sugarek3TS: It was painful to write about Charlie’s unrequited love. I liked her; she was a good friend, and I didn’t enjoy her pain. At first, I didn’t know whether my heroine would choose Charlie or Milo. I let LaVerne choose.

Excerpt from SONG of the YUKON:

When Milo had come outside he hadn’t noticed Charlie had been towing a second sled behind hers. It was not unusual for a musher to have two sleds behind the dog team, especially for larger jobs like hauling firewood or the meat from big game.

Milo stopped at the bottom of the stairs. The second sled looked new and was festooned with ribbons and shells. LaVerne stared at the sled, then at Charlie, then glanced back at Milo.

“Well, say something!” Charlie chortled. “Do you like it? I made it for you˗˗and Milo˗˗for your future dog team. It’s made of hickory, mostly, and should last you for years.”

Milo silently turned and, walking back up the steps to the porch, returned to the cabin.

LaVerne’s eyes filled with tears at the pain she was about to inflict on her friend. “Oh, Charlie, I don’t know what to say…”

“You don’t have to thank me. It was such fun building it for you.”

“And I love it but˗˗it just that˗˗well˗˗Milo˗˗he…”

“Milo what?” Charlie asked nonplussed.

“He built me a sled as a wedding present; it’s in the barn.”

Charlie’s face suffused with an embarrassed blush, “I see.” She fled back to her own sled and lifted the anchor that kept her dogs in place. She regarded Vernie with a deep agony in her eyes, “How could I have been so stupid? Of course we would think of the same gift, something you would love and can use. I’m sorry. Of course you can’t accept mine. I’ll see you later.” And with that she released the brake and yelled at her team, “Hike! Hike! For Chrissakes, go!” She screamed at her team.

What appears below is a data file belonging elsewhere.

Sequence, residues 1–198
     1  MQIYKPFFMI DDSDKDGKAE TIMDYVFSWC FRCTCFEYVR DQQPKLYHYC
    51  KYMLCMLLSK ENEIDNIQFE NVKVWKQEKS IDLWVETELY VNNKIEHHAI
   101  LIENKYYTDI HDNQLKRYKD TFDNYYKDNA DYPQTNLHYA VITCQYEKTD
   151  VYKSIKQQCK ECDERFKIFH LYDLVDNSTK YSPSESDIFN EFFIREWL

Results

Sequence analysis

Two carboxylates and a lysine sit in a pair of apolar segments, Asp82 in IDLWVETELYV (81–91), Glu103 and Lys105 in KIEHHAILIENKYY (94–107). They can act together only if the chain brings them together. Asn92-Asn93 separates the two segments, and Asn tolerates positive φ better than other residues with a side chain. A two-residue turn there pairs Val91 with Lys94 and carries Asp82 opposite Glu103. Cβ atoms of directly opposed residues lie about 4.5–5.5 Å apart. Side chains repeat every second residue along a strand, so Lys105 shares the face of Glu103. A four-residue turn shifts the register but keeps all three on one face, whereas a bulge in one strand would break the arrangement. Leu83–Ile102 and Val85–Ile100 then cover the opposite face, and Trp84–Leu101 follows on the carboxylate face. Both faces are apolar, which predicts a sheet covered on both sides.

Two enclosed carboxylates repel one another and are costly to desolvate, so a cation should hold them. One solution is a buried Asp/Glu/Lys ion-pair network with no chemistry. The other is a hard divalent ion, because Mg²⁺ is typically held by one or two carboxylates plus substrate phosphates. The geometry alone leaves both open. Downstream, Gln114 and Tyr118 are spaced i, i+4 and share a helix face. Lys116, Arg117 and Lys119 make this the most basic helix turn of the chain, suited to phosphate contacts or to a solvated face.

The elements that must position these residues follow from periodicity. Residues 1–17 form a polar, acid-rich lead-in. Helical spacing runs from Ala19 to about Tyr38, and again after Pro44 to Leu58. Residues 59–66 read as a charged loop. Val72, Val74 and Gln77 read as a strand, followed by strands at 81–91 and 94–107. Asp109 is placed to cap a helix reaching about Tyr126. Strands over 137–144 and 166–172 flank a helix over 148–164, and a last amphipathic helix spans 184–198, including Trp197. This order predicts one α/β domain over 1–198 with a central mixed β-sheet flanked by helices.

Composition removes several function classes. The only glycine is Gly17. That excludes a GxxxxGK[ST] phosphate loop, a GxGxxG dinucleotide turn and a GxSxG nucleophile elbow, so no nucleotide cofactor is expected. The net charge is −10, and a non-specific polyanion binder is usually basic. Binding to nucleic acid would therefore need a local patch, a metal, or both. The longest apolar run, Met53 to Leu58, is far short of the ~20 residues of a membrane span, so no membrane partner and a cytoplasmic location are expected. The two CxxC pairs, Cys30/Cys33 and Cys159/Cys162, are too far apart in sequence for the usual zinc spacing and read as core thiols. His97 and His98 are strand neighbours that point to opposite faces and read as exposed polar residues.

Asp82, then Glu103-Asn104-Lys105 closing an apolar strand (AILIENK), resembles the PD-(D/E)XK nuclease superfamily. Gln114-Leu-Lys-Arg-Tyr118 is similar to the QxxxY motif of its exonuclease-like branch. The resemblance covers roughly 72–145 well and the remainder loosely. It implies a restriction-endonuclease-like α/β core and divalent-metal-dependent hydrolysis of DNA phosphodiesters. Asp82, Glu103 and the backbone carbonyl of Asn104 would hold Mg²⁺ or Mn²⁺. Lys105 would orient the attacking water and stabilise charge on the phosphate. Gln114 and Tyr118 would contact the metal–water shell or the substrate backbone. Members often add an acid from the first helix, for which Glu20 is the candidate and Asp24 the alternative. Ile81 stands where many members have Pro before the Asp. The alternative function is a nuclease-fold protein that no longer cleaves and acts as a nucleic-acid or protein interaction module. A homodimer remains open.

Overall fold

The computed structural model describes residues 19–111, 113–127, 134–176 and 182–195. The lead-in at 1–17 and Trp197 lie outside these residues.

IM: That is heartbreaking. The inner turmoil in a moment like that is something many readers can empathize with. In contrast, do you have a favourite moment that makes your soul sing or your heart laugh?

sugarek4TS: Always, it’s about the animals for me. So I have to say, it was, Howler, Tukoni, Moon, and the puppies that made me laugh and my soul glow. At first, I was going to have the Grizzly take one of the dogs, but I couldn’t stand the thought. (I’m so sappy.) Then, I thought, “Oh wait! I’ve got goats; the bear can kill one of them.”

Excerpt from SONG of the YUKON:

LaVerne bundled up in her coat and boots sat on the porch letting the wolf become accustomed to seeing her and having her around.

This morning there was a major breakthrough. LaVerne had gone into the chicken enclosure with grain to feed the chickens and to collect the eggs. When she stepped out of the coop the wolf was standing in the clearing about four feet from the tree line. Ears pitched forward she stood waiting.